Ill-nature an imitator of zeal, 185.
Jilts described, N. 187.
Imma, the daughter of Charles the Great, her story, N. 181.
Immortality of the soul, ibe benefits arising from a contempla-

tian of it, N. 210.


KITTY, a famous town-girl, N. 187.

LACEDÆMONIANS, their delicacies in their sense of glo.

ry, N. 188. A form of prayer used by them, 207.
Lapirius, his great curiosity, N. 248.
Latin of great use in a country auditory, N. 221.
Laughter a counterpoise to the spleen, 240. What sort of

persons the most accomplished to raise it, ibid. A poetical

figure of laughter out of Milton, ibid.
Letters to the Spectator. From with a complaint against

a Jezebel, N. 175 ; from who had been nonplussed by
a Butt, ibid. from Jack Modish of Exeter, about fashions,
ibid. from Nathaniel Henroost, a hen-pecked husband, 176 ;
from Celinda about Jealousy, 178; from Martha Housewife
to her husband, ibid. To the Spectator from

with an
an account of a whistling-match at the Bath, 179 ; from Phil-
arithmus, displaying the vanity of Louis XIV's conquests,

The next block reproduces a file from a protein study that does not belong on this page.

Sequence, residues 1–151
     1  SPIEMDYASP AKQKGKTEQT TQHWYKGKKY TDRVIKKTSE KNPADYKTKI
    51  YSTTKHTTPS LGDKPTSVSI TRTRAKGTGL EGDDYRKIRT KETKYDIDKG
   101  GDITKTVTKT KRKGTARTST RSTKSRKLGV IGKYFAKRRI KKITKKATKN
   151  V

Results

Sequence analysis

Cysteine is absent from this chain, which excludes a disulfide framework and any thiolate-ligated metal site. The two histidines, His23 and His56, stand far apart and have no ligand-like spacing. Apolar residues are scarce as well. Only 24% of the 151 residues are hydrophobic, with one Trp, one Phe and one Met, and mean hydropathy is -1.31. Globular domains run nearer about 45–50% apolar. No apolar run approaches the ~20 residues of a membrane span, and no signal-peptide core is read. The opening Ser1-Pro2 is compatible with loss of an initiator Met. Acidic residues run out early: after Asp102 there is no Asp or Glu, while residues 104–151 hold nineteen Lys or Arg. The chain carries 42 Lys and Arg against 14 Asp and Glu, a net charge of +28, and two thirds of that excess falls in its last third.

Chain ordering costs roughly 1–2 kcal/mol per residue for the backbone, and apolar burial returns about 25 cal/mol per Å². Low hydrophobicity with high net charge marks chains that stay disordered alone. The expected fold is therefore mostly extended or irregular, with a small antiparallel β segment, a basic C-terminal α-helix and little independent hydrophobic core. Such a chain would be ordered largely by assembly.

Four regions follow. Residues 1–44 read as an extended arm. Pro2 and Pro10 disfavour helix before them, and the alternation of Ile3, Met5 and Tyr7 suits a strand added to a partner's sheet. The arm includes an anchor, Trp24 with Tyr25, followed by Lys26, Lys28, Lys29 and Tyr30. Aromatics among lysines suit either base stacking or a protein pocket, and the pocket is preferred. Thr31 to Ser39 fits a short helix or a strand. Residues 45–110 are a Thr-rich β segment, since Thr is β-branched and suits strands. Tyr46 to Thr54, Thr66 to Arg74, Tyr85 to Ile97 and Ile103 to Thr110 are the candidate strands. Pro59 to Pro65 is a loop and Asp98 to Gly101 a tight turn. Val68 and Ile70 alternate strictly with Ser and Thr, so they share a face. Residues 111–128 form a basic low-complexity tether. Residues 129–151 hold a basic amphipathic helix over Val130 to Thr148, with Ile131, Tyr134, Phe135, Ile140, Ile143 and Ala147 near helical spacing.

180; from · who had married herself without her fa-
ther's consent, 181 ; from Alice Threadneedle against
wenching, 182 ; from in the Round, house, ibid. from

concerning Nicholas Hart, the annual sleeper, 184 ;
from Charles Yellow against jilts, 187; from a gentleman to
a lady, to whom he had formerly been a lover, and by whom
he had been highly commended, 188; from a father to his
son, 189. To the Spectator, from Rebecca Nettletop, a town
lady, 190 ; from Eve Afterday, who desires to be kept by the
Spectator, ibid. from a baudy-house inhabitant, complaining
of some of their visitors, ibid. from George Gosling, about a
ticket in the lottery, 191. A letter of consolation to a young
gentleman who has lately lost his father, ibid. To the Spec-
tator, from an husband complaining of an heedless wife, 194 ;
from complaining of a fantastial friend, ibid. from
J. B. with advice to the Spectator, 196; from Biddy Love-
less, who is enamoured of two young gentlemen at once, ibid.
from Statira to the Spectator, with one to Oroondates, 199 ;
from $usan Civil, a servant to another lady, desiring the Spec-